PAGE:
So why don't Brown and co tell it? As Steve Richards of the Independent points out:

Labour is seeking a fourth term. As David Miliband has put it, his party is making "a massive ask". Such a quest would be challenging at the best of times. After a recession and the expenses scandal, this is not by any means the best of times. In such circumstances it should be seeking to set the agenda ever hour of every day. Brown and members of the cabinet (what happened to the idea of presenting Labour as an experienced team?) should be at early-morning press conferences, mid-afternoon press conferences, rallies, and giving interviews around the clock.

Mehdi Hasan is a contributing writer for the New Statesman and the co-author of Ed: The Milibands and the Making of a Labour Leader. He was the New Statesman's senior editor (politics) from 2009-12.

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Geoffrey Howe dies, aged 88

Howe was Margaret Thatcher's longest serving Cabinet minister – and the man credited with precipitating her downfall.

The former Conservative chancellor Lord Howe, a key figure in the Thatcher government, has died of a suspected heart attack, his family has said. He was 88.

Geoffrey Howe was the longest-serving member of Margaret Thatcher's Cabinet, playing a key role in both her government and her downfall. Born in Port Talbot in 1926, he began his career as a lawyer, and was first elected to parliament in 1964, but lost his seat just 18 months later.

Returning as MP for Reigate in the Conservative election victory of 1970, he served in the government of Edward Heath, first as Solicitor General for England & Wales, then as a Minister of State for Trade. When Margaret Thatcher became opposition leader in 1975, she named Howe as her shadow chancellor.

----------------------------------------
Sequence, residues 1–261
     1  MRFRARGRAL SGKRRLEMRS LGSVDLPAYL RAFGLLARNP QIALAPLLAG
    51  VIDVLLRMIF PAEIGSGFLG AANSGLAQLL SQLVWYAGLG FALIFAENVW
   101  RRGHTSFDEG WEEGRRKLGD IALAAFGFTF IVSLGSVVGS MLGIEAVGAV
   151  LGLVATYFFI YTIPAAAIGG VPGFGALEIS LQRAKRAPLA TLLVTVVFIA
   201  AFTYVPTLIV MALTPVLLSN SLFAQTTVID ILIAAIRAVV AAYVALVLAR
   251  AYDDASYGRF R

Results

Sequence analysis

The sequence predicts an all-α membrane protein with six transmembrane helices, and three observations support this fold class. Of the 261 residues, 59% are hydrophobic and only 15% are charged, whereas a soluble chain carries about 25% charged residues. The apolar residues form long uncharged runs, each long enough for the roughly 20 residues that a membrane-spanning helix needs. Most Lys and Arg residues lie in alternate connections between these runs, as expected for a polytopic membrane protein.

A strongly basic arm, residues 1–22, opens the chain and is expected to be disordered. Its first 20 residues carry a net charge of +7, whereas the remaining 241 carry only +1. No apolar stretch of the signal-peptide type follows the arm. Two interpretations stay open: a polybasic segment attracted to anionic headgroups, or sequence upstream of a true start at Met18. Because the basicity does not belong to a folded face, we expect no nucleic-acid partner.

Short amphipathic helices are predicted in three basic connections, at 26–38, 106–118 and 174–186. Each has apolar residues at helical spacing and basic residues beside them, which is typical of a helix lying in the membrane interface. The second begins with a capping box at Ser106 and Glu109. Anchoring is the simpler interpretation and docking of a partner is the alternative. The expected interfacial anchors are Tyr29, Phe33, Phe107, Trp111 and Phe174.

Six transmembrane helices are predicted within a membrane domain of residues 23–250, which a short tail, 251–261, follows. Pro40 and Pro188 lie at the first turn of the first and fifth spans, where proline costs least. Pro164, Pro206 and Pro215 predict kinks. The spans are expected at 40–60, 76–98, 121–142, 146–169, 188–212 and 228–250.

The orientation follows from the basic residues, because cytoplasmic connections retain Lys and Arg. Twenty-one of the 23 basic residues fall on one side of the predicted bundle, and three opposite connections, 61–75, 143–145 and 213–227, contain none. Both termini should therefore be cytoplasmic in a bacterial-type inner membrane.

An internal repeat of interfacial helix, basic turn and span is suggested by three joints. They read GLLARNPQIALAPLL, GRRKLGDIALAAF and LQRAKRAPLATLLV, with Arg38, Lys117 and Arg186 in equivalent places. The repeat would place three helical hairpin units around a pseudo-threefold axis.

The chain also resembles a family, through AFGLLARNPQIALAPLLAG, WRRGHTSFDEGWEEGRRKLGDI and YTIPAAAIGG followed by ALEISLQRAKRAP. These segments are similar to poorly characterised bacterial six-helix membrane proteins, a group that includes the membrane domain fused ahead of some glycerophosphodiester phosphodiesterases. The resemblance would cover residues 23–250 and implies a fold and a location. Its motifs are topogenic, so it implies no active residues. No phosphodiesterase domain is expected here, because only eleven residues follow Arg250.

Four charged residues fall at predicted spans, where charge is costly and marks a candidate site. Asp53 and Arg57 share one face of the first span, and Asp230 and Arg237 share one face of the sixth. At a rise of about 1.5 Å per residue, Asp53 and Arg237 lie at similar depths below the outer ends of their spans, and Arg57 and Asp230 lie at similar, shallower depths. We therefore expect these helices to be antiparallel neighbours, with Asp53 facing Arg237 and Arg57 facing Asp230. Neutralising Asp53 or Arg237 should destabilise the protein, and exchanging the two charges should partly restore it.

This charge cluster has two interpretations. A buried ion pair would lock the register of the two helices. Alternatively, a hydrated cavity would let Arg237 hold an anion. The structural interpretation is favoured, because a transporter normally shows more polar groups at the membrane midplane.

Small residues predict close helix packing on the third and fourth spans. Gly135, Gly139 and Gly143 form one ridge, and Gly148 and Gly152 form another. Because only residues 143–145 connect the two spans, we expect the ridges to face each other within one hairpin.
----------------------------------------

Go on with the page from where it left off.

He retained this brief when the party returned to government in 1979. In the controversial budget of 1981, he outlined a radical monetarist programme, abandoning then-mainstream economic thinking by attempting to rapidly tackle the deficit at a time of recession and unemployment. Following the 1983 election, he was appointed as foreign secretary, in which post he negotiated the return of Hong Kong to China.

In 1989, Thatcher demoted Howe to the position of leader of the house and deputy prime minister. And on 1 November 1990, following disagreements over Britain's relationship with Europe, he resigned from the Cabinet altogether. 

Twelve days later, in a powerful speech explaining his resignation, he attacked the prime minister's attitude to Brussels, and called on his former colleagues to "consider their own response to the tragic conflict of loyalties with which I have myself wrestled for perhaps too long".

Labour Chancellor Denis Healey once described an attack from Howe as "like being savaged by a dead sheep" - but his resignation speech is widely credited for triggering the process that led to Thatcher's downfall. Nine days later, her premiership was over.

Howe retired from the Commons in 1992, and was made a life peer as Baron Howe of Aberavon. He later said that his resignation speech "was not intended as a challenge, it was intended as a way of summarising the importance of Europe". 

Nonetheless, he added: "I am sure that, without [Thatcher's] resignation, we would not have won the 1992 election... If there had been a Labour government from 1992 onwards, New Labour would never have been born."

Jonn Elledge is the editor of the New Statesman's sister site CityMetric. He is on Twitter, far too much, as @JonnElledge.